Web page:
What is a General Strike?
Lately, with the growth of the Occupy movement, there’s been a lot of talk about the general strike as a weapon of the class struggle. The Occupy Oakland port shutdown on Nov. 2 was referred to as a one-day general strike. Now there is talk in various Occupy sites around the United States about calling a general strike for May Day 2012.
We are all for the re-introduction of the general strike as a tactic in the working-class arsenal but must pose the question—what is a general strike and how is a mass general strike organized?
The general strike, as a tactic, is common enough in other parts of the world. For instance, there have been one-day general strikes in Greece, Spain, and Portugal (among others), and the massive one-day general strike in India of some 100 million workers (see article on this page). In U.S. labor history there are examples of general strikes—the Great Railroad Strike of 1877, Seattle in 1919, or the San Francisco longshore strike in 1934.
Tom Kerry discussed the Seattle General Strike of 1919 as part of a series of lectures he delivered in 1976 on U.S. labor history. Kerry was a long-time socialist, trade unionist, and leader of the Socialist Workers Party.
Kerry pointed out that “a general strike is social dynamite with a burning fuse. The question immediately arises: Where does the power of decision reside in matters concerning the life of the city? Who is to police the city? The cops are not viewed as ‘friends’ of the strike; to the contrary, their role is that of chief strikebreakers for the boss class. The union strike committee must establish its own police force. How is the city to be fed? What institutions are to be permitted to remain open? And who is to supervise those permitted to operate? It is impossible to detail here all of the problems that are immediately posed.”
Ultimately, the general strike poses the question of which class holds power; it is a political as well as an economic strike. Kerry says: “Alongside the regularly established governmental power and its apparatus, there comes into existence the general strike committee with its apparatus, to establish a form of dual power. The dynamic of the dual power is that more and more the strike council is compelled to take over the functions of the state. A situation of dual power cannot, by its very nature, exist for long. It must be resolved by the hegemony of one or the other of the great contending classes. One or the other must prevail.”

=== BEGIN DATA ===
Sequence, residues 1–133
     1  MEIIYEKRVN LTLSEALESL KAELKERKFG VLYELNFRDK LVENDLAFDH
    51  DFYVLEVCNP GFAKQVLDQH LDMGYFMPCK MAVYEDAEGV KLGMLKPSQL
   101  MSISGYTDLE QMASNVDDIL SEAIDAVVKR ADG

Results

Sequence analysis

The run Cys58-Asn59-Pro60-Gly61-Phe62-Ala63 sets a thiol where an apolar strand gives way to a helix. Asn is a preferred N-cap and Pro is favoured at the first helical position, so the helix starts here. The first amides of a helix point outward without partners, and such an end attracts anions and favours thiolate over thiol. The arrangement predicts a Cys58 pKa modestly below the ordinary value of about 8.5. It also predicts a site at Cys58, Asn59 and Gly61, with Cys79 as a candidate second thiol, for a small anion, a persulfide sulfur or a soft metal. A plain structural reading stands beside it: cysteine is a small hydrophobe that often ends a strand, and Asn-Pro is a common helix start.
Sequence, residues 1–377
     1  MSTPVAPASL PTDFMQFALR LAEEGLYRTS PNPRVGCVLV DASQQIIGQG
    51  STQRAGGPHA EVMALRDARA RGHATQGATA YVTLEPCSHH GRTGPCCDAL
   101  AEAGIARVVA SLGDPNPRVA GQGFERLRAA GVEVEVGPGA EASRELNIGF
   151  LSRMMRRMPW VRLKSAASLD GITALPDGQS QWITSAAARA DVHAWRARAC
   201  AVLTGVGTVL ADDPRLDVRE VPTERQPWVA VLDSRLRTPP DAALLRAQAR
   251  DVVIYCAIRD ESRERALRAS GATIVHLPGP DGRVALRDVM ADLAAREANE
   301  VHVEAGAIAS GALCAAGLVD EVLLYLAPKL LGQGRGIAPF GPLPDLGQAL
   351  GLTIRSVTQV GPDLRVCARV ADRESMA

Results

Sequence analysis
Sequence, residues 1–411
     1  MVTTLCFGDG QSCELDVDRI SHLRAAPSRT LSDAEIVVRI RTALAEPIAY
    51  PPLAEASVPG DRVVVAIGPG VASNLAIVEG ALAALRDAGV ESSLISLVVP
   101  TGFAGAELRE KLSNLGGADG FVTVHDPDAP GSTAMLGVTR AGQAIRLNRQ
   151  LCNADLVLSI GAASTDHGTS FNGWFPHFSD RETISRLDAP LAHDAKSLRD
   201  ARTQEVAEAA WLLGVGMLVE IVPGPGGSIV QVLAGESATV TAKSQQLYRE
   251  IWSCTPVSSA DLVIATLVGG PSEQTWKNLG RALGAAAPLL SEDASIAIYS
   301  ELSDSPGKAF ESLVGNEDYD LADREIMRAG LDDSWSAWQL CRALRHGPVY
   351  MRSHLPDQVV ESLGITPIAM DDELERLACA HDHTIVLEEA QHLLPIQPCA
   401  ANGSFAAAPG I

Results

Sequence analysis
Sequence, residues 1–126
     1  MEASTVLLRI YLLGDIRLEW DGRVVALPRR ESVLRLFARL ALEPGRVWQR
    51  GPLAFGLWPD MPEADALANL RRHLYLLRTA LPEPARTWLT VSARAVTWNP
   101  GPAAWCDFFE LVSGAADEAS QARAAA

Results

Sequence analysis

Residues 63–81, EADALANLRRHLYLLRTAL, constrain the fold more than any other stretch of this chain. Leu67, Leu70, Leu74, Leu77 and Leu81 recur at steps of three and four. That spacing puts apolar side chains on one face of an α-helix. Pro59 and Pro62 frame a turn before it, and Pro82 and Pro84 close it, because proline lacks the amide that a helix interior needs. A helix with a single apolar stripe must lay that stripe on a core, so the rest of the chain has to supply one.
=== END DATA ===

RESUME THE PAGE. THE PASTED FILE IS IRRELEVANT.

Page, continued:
In past years, unfortunately, we have heard the general strike tactic reduced to a formula that is repeated by left sectarians almost by rote: “A general strike to free Mumia,” or “a general strike to end the war(s).” While it’s true that a general strike could accomplish these tasks, you can’t just suck a major action by the working class out of your thumb.
A general strike is a serious matter for revolutionaries, as are all other methods of working-class mobilization. These include strikes, occupations of workplaces and public spaces, and mass marches. The general strike must be approached seriously and be prepared through patient, systematic work in the working class and its institutions.
> The article above was written by John Leslie, and is meant to serve as an introduction to Tom Kerry’s article on the 1919 Seattle General Strike: